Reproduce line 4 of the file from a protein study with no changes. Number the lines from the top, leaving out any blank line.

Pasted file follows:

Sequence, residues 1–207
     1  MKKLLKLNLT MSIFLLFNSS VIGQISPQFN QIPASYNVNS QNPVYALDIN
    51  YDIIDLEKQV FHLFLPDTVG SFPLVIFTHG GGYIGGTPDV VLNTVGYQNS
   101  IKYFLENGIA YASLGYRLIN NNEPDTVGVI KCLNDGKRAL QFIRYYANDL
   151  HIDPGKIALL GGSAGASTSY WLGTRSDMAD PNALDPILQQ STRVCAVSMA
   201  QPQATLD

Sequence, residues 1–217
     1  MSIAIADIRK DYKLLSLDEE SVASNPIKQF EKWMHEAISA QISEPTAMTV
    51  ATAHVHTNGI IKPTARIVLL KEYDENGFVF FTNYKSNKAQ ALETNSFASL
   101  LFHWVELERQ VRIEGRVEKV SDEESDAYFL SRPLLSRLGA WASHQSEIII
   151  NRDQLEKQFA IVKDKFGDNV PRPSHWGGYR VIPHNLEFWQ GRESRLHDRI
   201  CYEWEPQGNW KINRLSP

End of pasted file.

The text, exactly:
   101  IKYFLENGIA YASLGYRLIN NNEPDTVGVI KCLNDGKRAL QFIRYYANDL